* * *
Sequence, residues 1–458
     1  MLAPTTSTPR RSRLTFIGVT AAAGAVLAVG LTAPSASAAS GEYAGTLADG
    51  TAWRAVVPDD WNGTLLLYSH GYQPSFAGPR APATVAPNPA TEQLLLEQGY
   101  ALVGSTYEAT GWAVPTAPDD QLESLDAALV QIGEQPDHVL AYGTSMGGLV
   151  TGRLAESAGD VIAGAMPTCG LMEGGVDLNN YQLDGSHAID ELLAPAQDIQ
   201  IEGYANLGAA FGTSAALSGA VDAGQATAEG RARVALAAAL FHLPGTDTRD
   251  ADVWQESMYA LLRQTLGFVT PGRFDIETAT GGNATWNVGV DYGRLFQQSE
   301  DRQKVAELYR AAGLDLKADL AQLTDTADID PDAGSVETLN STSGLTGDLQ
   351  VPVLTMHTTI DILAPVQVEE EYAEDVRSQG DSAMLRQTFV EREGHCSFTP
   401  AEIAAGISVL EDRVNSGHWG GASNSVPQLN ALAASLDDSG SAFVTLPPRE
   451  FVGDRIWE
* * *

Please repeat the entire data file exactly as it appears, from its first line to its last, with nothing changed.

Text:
Sequence, residues 1–458
     1  MLAPTTSTPR RSRLTFIGVT AAAGAVLAVG LTAPSASAAS GEYAGTLADG
    51  TAWRAVVPDD WNGTLLLYSH GYQPSFAGPR APATVAPNPA TEQLLLEQGY
   101  ALVGSTYEAT GWAVPTAPDD QLESLDAALV QIGEQPDHVL AYGTSMGGLV
   151  TGRLAESAGD VIAGAMPTCG LMEGGVDLNN YQLDGSHAID ELLAPAQDIQ
   201  IEGYANLGAA FGTSAALSGA VDAGQATAEG RARVALAAAL FHLPGTDTRD
   251  ADVWQESMYA LLRQTLGFVT PGRFDIETAT GGNATWNVGV DYGRLFQQSE
   301  DRQKVAELYR AAGLDLKADL AQLTDTADID PDAGSVETLN STSGLTGDLQ
   351  VPVLTMHTTI DILAPVQVEE EYAEDVRSQG DSAMLRQTFV EREGHCSFTP
   401  AEIAAGISVL EDRVNSGHWG GASNSVPQLN ALAASLDDSG SAFVTLPPRE
   451  FVGDRIWE